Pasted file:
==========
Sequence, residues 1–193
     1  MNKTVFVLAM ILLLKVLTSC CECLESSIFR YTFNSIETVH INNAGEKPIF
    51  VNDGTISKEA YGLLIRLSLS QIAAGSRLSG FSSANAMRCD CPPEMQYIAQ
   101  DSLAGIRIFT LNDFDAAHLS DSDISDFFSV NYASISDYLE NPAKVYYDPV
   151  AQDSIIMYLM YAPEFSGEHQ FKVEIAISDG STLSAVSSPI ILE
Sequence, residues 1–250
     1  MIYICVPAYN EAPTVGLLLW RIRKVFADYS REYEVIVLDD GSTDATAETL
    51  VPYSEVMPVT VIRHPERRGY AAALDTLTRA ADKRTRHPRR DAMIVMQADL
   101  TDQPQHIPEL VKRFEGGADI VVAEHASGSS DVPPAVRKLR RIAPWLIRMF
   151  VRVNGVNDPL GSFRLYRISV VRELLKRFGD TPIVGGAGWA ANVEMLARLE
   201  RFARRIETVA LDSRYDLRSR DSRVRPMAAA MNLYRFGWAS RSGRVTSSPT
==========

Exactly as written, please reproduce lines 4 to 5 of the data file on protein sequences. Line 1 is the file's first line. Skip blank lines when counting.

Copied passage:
   101  DSLAGIRIFT LNDFDAAHLS DSDISDFFSV NYASISDYLE NPAKVYYDPV
   151  AQDSIIMYLM YAPEFSGEHQ FKVEIAISDG STLSAVSSPI ILE